Propagation Measurements for Acoustic Downhole Telemetry Systems Conference Paper uri icon


  • Abstract Advanced downhole communication technologies are used by well operators to monitor flow rate, temperature, and pressure data. Currently, the use of wired tools is popular although these tools present cost, maintenance, and reliability issues. Acoustic waves that propagate by vibrating the pipe's body inside the well are investigated as an alternative solution. While this technology offers great benefits, its propagation aspects inside the wells are unclear. This work explores the use of acoustic waves for downhole telemetry systems. A testbed was designed to investigate the propagation of acoustic waves over production pipes. The testbed comprises an acoustic tool that transmits data from inside wellbore to the surface without cables, an internally-developed receiver unit, and five segments of 7-inch production tubing that form a pipe string. Acoustic waves propagate by vibrating the pipe's body in this setup. Input frequencies from 100 Hz to 2000 Hz were investigated, and propagation measurements were taken along the pipe string. Further, the application of signal processing techniques is investigated to address the effects of dispersion and attenuation in the acoustic channel. Results of this work show that many harmonics propagate through the pipe string. Acoustic waves experience a frequency-dependent attenuation over the pipe string. Multipath reflections in the pipe string also cause noticeable signal dispersion. This work also shows that acoustic waves experience an extra frequency-dependent attenuation due to the presence of concrete; many high-order harmonics are heavily attenuated after encasing the pipe in concrete. Moreover, signal processing algorithms provide pronounced results in reducing the channel attenuation and dispersion. This work recommends that acoustic-wave technology is a promising cost-effective and reliable solution for wireless downhole telemetry systems. Furthermore, signal processing algorithms can be useful tools for the acoustic downhole communication systems. Technical contributions include: characterizing the channel response to different input frequencies along the pipe string; investigating the power spectral density, signal-to-noise ratio, and attenuation rate measures; studying the dispersion parameters of the channel; characterizing the effect of concrete on acoustic wave propagation; and applying signal processing algorithms.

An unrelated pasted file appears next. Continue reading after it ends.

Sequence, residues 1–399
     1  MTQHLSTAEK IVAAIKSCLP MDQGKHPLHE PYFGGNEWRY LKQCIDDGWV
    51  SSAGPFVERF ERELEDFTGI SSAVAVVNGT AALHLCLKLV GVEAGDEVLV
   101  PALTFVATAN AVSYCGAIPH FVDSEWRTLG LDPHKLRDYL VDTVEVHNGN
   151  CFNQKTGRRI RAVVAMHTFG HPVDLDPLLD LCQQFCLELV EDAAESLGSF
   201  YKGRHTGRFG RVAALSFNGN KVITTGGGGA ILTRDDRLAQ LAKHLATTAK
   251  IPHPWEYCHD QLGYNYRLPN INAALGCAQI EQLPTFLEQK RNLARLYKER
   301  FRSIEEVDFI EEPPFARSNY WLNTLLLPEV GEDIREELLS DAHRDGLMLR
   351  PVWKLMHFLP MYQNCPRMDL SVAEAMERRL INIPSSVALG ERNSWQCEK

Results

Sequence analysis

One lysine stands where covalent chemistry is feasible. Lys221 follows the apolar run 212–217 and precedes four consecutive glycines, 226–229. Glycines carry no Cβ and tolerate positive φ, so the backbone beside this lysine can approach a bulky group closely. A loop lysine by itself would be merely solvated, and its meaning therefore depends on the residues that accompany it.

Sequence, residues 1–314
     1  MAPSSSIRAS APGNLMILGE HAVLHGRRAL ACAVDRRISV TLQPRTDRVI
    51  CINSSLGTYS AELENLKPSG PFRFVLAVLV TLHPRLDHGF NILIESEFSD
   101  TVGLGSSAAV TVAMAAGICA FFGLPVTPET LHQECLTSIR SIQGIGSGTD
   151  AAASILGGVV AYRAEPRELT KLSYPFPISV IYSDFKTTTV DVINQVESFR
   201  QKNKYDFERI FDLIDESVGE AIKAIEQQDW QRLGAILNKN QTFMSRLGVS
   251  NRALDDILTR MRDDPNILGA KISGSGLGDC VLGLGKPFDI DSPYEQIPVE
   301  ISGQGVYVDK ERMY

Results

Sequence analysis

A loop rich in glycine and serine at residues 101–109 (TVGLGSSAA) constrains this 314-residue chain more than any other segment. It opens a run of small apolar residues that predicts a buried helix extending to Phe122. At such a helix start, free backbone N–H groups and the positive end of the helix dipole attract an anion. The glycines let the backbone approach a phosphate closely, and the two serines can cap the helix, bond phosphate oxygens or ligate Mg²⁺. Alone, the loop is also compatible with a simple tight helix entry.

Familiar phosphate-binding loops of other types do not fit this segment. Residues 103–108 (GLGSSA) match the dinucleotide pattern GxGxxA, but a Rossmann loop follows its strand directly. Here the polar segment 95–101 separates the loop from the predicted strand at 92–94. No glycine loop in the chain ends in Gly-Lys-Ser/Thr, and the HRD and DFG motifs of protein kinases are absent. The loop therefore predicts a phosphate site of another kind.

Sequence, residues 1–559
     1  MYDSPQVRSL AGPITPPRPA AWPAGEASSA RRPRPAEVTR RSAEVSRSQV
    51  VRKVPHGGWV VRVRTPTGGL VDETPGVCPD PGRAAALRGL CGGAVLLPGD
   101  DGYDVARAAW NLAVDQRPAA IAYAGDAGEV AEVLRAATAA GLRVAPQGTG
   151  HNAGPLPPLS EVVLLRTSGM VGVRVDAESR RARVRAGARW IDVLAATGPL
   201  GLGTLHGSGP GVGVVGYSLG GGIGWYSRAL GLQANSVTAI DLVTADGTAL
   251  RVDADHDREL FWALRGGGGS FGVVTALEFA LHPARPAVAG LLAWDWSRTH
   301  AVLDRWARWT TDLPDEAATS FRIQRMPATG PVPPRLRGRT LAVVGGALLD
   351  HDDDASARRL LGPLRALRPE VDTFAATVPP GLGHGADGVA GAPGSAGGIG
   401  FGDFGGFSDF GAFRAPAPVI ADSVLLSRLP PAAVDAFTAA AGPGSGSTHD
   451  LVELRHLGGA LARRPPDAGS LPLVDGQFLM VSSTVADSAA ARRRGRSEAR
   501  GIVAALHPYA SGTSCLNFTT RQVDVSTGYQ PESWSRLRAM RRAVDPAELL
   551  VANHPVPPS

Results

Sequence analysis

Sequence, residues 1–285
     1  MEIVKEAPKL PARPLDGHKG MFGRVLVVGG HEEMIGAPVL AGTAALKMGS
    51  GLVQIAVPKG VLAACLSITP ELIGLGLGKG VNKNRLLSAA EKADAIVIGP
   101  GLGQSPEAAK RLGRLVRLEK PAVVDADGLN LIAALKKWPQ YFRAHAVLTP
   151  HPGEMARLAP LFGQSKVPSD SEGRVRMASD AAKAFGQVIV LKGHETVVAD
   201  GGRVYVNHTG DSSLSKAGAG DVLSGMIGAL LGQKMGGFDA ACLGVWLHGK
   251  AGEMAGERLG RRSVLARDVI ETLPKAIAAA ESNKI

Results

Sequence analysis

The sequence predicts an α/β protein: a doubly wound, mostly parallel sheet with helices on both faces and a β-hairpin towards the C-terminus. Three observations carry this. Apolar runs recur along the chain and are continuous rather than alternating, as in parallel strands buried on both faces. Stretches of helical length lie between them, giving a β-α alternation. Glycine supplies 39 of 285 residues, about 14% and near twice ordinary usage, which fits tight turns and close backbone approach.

name of conference

  • Day 1 Mon, September 30, 2013

published proceedings

  • Day 1 Mon, September 30, 2013

author list (cited authors)

  • Farraj, A. K., Miller, S. L., & Qaraqe, K. A.

citation count

  • 8

complete list of authors

  • Farraj, Abdallah K||Miller, Scott L||Qaraqe, Khalid A

publication date

  • September 2013